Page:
Editor’s note — We’re continuing our tradition of taking a look back each Saturday at some of the important, interesting or even odd events as they were reported during the same week throughout the years, along with interesting advertising features from back in the day.
This week 1882, the Hillsborough Gazette reported a Murphy temperance meeting at City Hall was “well attended and well improved.”
Wilmington suffered some damage from a recent flood.
“Down they go!” was the catchphrase on an advertisement for low prices on fly nets, dusters, harnesses and whips at Maddox Bros. on South High Street.
Wm. H. Loyd & Co.’s grocery was “the cheapest place in Hillsboro to buy groceries,” according to another ad.
Local schools were on spring break.
In local briefs: “Jack Price misses the green peas and strawberries, as well as the balmy breezes, he enjoyed in the sunny south … The echoes of the Opera Festival have hardly died away, yet our musical people are looking forward with impatience to the May Music Festival at Cincinnati.”
The paper endorsed Frank Leber’s tonsorial parlors as “the finest in Southern Ohio.”
This week in 1943, the Hillsboro News-Herald reported a mother and her infant daughter burned to death when flames destroyed their four-room house near Greenfield. The fire was caused by a kerosene explosion.
In weather: “Highland County farmers looked skyward Friday morning and wondered whether or not the weatherman might not be working for the Axis nations.” There was a heavy rain.
An “aged Buford resident” fell in her back yard and hurt her back.
From the rationing timetable: “SUGAR: Stamp 12 – Good for five pounds through May 31 … COFFEE: Stamp 26 – Good for one pound through April 25 … GASOLINE: A-Coupon 5 – Good for four gallons through May 21 … SHOES: Stamp 17 – Good for one pair of shoes through June 14.”
Granville Barrere was the editor and publisher of the News-Herald.
In opinions: “We are duly thankful that at least by the calendar Winter is over and Spring is here.”
The Fayette, “A Theatre of Distinction,” in Washington C.H., advertised showings of “Tarzan Triumphs.” The theater also advertised war stamp and bond sales.
This week in 1956, the Hillsboro Press-Gazette reported Rocky Fork Lake was preparing for its spring and summer season. Picnic tables and stoves were placed at various sites and others were ready for distribution, and some stone was being laid at the north beach parking lot.
Kirby S. Raines, 76, of 235 E. Lilly Ave., a circus musician and minstrel, died on a Saturday.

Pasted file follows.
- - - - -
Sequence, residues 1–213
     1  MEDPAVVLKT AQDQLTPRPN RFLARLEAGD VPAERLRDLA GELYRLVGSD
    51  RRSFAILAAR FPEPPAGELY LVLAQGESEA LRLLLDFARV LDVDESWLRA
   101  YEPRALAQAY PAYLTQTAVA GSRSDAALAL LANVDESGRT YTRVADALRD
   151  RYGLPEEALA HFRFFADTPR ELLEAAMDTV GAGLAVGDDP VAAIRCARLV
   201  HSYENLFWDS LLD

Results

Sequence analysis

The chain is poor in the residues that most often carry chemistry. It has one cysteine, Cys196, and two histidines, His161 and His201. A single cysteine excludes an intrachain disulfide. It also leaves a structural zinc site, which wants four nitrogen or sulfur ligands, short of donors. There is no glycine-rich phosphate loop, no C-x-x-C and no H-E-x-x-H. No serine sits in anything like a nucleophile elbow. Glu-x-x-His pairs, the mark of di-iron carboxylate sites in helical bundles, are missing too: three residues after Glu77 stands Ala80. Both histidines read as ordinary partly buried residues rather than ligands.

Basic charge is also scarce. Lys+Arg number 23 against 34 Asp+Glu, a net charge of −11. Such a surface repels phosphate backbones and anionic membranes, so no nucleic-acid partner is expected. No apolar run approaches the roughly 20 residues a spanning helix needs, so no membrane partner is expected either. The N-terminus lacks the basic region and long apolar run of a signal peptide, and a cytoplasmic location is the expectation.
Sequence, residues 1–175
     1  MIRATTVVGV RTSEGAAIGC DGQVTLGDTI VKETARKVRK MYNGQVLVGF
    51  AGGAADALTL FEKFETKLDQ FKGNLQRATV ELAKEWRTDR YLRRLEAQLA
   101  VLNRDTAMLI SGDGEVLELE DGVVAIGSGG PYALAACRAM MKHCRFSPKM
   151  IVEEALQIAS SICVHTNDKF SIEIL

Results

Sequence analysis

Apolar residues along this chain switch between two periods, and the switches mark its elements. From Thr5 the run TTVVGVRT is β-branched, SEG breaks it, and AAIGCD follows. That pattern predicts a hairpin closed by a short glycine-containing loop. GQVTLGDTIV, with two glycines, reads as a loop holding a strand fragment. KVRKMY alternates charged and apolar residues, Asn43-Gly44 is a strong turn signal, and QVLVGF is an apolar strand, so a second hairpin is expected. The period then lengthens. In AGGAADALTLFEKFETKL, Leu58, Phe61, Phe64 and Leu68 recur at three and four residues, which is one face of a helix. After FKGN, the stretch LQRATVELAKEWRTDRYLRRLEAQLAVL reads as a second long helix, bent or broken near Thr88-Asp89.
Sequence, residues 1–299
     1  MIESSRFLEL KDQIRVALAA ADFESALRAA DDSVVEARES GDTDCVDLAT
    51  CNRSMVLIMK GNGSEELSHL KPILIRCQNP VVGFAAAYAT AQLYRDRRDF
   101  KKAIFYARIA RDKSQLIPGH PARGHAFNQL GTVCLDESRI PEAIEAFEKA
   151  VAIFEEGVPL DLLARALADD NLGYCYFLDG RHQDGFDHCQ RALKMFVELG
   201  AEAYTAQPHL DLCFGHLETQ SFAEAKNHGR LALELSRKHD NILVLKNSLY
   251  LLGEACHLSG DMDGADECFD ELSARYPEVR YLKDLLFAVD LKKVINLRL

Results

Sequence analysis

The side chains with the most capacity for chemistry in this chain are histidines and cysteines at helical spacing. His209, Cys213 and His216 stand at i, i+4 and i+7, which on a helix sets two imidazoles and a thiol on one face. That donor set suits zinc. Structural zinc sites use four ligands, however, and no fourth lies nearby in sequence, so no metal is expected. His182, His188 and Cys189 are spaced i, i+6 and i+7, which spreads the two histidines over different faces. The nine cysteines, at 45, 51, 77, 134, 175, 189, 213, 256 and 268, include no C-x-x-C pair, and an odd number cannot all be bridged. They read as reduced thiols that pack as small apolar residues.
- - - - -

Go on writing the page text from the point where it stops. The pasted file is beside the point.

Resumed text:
The Highland County Farm Bureau Women’s Committee financially “adopted” a young Korean orphan through the Foster Parents’ Plan for War Children Inc. in New York City.
A man found guilty of driving intoxicated and without a license was sentenced to six months in a Cincinnati workhouse.
Kaufman’s advertised socks starting at 39 cents, boys’ suits from $4.98 and neckties for $1.
In classifieds: “WANTED – Experienced waitress, apply in person. Chatterbox Restaurant.”
Chakeres Colony Theatre advertised showings of Walt Disney’s “The Littlest Outlaw.
This week in 1973, the News-Herald reported the City of Hillsboro had junked plans to condemn the Standard Oil of Ohio property on West Main Street for a parking lot and instead was considering leasing land for parking at an estimated cost of about $4,200 per year.
A horse was hit by a truck after the animal ran from Woodland Drive onto U.S. Route 50. The impact caused minor damage to the pickup and the horse was not seriously hurt.
One brief at the bottom of the front page read, “Life’s hardest task: living each day by the Golden Rule.”
Sunday school attendance in Mowrystown was 96. There were 134 present at Sunday services in Hollowtown.
Subscription prices were $3 for a year, $3.50 for a year outside Ohio, $1.50 for six months and $1.75 for six months outside of Ohio. Obituaries were seven and a half cents per printed line.
The village of Sabina set ambulance service rates at $15 for trips to Wilmington and Washington C.H., $20 to Dayton, $25 to Columbus and $30 to Cincinnati.
Reach David Wright at 937-402-2570.